Filming our mountain bike tour, Spain
Catherine takes us through the terrible hardships encountered when having to travel to Spain to do a ‘work’ film shoot
Singletrack, sunset and sensational tapas; filming our mountain bike tour in Spain
“Do you want to come to Spain to help film our new tour video?”
“Um, is that even a question?!”
“We’re going in June and it’ll be hot and we’ll be putting in very long hours every day.”
[Bags packed, factor 50 liberally applied] “I think I’ll cope.”
This was the short exchange I had with my husband and business partner Euan, which led to me standing in 40°C heat in the car park at Málaga airport, changing my clothes. I’m not sure about the other car park users, but I didn’t care; I was in Spain, the sun was shining and I was going to ride my bike and eat sensational food in one of my favourite places in the world: Andalucía.
As we made the drive towards our base in Granada (“we” being me, Euan, our videographer Julián, and host Lali), we realised it had been quite some time since we last ate, so we pulled off the highway and into a small village where we found a local bar (complete with stuffed animals and television showing a Western dubbed in Spanish) for our first tortilla española and café cortado. We have arrived!
Feeling relaxed and initiated into local culture we continue on our way to Granada.
We arrive at base and unload all of our gear, then find a shady spot to build our bikes. With that task successfully completed we get the team together (now including Cali, our guide) to go over the plan for the next few days and figure out how we would use our time most efficiently.
The story behind filming our mountain bike tour in Spain video was inspired by a poem written by one of our guides, Kevin, who is a published poet as well as a mountain bike guide, and had penned some lines during a recent visit to Andalucía. This, along with verses from a poem by local author Federico Garcia Lorca, provided a script for the video, and a focus for our filming.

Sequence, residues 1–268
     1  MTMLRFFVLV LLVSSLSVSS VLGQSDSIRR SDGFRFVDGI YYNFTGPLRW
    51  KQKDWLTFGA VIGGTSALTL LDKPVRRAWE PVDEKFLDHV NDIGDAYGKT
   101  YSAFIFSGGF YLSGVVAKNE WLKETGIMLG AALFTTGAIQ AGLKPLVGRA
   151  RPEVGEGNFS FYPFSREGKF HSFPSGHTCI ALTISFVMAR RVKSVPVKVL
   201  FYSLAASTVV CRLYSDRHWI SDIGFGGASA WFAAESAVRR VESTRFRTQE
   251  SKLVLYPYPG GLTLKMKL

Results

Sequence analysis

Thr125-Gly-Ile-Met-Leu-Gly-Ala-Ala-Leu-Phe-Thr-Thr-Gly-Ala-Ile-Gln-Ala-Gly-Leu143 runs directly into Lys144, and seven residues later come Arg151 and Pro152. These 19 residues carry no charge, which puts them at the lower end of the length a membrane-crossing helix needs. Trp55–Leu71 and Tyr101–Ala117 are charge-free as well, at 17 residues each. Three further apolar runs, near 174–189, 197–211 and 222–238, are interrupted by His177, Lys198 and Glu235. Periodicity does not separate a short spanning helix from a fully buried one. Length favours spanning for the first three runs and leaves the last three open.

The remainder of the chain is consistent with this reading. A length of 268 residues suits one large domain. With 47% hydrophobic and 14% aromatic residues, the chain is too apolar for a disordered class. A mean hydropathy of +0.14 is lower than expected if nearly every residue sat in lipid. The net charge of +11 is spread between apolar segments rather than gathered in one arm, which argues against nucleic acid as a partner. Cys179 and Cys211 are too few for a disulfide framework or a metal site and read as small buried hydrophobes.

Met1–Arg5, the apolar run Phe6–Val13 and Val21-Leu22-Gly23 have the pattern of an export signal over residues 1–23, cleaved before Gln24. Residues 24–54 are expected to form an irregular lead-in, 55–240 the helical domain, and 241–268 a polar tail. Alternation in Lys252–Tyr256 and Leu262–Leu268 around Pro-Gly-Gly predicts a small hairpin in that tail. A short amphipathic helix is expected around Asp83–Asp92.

Our first stop, to catch the hazy evening light, was a trail above Granada old town, with a spectacular view over the world-famous Alhambra Palace. This trail marks the last day of our week-long Andalucían mountain bike adventure, and going up and down the trail, over and over again, to get the perfect shot wasn’t a great hardship in such magnificent surroundings. With the final glimpses of sunlight disappearing below the horizon, it was time to call it a day and get ready for dinner: a tapas tour of Granada!
This is where local, off-the-bike knowledge is essential, to find the bars serving the best tapas, wine and beer in the most authentic surroundings, which is exactly where we found ourselves that evening.
The following morning, feeling slightly groggy from all the great food and wine, we set off early up to the Sierra Nevada mountains for a long day of riding and filming. Poems in hand, we stopped at a small church, next to an olive grove, to film in the pale morning light.
“El campo de olivos se abre y se cierra como un abanico.”